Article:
You Can Sled Nearly 2,000Ft Down This Active Volcano at 60MPH

On the broad spectrum of intensely fun, death-defying, globe-trotting antics, sledding down the side of a volcano has to rank somewhere between braving the world's highest cliff jump and plunging down an illegal waterslide. Nonetheless, one such sledding path exists on Cerro Negro, an active volcano in the Cordillera de los Maribios mountain range of Nicaragua, and people dare to plummet down it all the time. 

Located about six miles from the nearest town, the (mostly) perfectly safe sport has become a popular attraction for extreme sledders and snowboarders who choose not snow, but volcanic rock, as their powder of choice. It begins with a hike that takes about an hour to the top of Cerro Negro, a volcano 2,388 feet high. The peak is actually the youngest volcano in Central America, having only appeared after its first dramatic eruption in April of 1850. From the top, sledders or snowboarders typically don a protective one-piece jumpsuit and other gear before taking off down the side. The route down is about 600 meters, or just under 2,000 feet. The "sleds" are really just special wooden boards with ropes attached to them to help you kinda-sorta steer your way down a path along the face of the cinder cone volcano.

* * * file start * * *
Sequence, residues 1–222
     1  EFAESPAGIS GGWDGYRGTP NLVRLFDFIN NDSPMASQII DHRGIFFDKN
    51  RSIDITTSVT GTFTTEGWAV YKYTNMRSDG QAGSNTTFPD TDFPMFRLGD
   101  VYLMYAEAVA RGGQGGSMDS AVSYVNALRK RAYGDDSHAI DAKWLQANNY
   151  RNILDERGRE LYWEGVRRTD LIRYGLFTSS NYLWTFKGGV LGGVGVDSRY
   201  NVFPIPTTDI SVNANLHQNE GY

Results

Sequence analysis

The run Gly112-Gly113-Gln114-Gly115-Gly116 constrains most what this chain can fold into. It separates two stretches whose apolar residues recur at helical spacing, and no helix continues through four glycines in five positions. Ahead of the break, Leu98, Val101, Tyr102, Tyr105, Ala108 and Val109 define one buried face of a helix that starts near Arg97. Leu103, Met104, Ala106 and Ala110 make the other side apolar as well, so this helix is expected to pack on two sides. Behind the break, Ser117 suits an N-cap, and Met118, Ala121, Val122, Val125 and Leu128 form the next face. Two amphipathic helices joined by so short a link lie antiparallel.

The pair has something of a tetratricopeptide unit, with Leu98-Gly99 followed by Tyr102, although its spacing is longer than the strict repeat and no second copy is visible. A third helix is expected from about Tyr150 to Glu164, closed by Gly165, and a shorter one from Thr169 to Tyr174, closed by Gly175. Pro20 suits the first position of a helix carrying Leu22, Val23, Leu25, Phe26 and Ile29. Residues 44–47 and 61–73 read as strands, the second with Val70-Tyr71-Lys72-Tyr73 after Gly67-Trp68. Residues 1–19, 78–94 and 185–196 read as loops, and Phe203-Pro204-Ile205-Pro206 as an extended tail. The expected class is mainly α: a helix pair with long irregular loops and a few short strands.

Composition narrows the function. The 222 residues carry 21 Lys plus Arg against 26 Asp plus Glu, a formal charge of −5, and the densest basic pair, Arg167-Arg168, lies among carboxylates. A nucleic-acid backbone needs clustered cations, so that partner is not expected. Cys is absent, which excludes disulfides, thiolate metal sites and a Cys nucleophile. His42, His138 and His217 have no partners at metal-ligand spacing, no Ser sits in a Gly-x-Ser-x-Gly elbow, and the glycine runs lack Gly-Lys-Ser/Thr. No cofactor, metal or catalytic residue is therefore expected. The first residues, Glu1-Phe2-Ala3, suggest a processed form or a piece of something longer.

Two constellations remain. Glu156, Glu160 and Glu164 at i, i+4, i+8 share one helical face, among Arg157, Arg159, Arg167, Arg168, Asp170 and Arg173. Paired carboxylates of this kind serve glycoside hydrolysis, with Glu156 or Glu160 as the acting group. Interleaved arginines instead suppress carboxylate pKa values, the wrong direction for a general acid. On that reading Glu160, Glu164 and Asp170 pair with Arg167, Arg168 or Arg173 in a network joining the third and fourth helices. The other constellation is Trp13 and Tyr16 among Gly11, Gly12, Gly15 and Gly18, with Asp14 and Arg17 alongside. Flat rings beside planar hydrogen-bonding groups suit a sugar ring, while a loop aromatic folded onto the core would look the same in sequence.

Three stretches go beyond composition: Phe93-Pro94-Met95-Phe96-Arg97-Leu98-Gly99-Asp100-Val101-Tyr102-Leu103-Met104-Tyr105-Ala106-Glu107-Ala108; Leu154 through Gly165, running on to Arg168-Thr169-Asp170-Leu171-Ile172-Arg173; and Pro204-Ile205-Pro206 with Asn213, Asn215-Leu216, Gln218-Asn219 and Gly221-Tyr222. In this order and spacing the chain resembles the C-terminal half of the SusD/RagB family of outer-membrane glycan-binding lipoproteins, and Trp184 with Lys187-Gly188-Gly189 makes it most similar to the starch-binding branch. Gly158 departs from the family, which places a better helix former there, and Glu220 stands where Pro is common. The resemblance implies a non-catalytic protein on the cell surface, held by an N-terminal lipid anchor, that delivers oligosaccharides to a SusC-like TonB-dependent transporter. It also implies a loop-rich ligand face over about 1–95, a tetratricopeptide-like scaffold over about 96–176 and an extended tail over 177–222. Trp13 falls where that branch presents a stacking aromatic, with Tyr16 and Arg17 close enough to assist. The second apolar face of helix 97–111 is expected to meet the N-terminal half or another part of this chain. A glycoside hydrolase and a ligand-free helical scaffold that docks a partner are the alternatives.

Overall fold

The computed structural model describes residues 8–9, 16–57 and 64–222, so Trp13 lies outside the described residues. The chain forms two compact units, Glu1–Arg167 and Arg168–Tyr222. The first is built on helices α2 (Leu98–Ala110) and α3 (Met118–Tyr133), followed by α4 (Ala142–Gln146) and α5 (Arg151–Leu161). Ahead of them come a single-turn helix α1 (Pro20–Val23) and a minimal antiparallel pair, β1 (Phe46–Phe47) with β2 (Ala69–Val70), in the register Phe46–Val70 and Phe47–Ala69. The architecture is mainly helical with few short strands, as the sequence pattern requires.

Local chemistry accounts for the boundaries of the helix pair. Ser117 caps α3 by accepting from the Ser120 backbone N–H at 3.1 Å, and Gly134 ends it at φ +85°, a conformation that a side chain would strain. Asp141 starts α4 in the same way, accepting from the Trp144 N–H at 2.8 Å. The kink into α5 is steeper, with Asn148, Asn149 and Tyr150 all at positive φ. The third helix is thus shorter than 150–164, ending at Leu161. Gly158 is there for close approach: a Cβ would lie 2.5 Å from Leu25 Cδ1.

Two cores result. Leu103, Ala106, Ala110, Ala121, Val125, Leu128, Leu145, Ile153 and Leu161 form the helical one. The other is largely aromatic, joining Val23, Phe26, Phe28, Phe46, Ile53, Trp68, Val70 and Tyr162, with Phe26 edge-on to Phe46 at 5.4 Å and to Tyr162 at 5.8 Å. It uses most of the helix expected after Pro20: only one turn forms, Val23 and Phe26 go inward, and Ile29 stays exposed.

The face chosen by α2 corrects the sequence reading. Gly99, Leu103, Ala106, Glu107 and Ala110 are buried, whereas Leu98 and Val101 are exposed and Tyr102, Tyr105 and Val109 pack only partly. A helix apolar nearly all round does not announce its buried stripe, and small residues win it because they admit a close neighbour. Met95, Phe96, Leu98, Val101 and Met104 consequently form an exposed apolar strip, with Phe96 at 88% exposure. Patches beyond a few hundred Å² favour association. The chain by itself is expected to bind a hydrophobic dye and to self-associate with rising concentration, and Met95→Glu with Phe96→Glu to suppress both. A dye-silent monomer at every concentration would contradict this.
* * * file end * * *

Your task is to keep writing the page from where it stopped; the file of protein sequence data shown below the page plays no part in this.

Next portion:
The volcanic pebbles along the path are small enough that the lack of friction allows sledders to hit speeds up to 60mph before slowing down or falling off -- and there are tons of videos (just like the clips above) of folks wiping out. Then again, it wouldn't be an extreme sport if there weren't wipeouts.

Just keep in mind: Cerro Negro is an active volcano that's erupted 23 times since 1850. Its last eruption was in 1999, and countless visitors since then have braved the volcanic sledding route, but it's not for the faint of heart or constitution.

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Eric Vilas-Boas is a writer at Thrillist and runs the animation website The Dot and Line. Follow him on Twitter: @e_vb_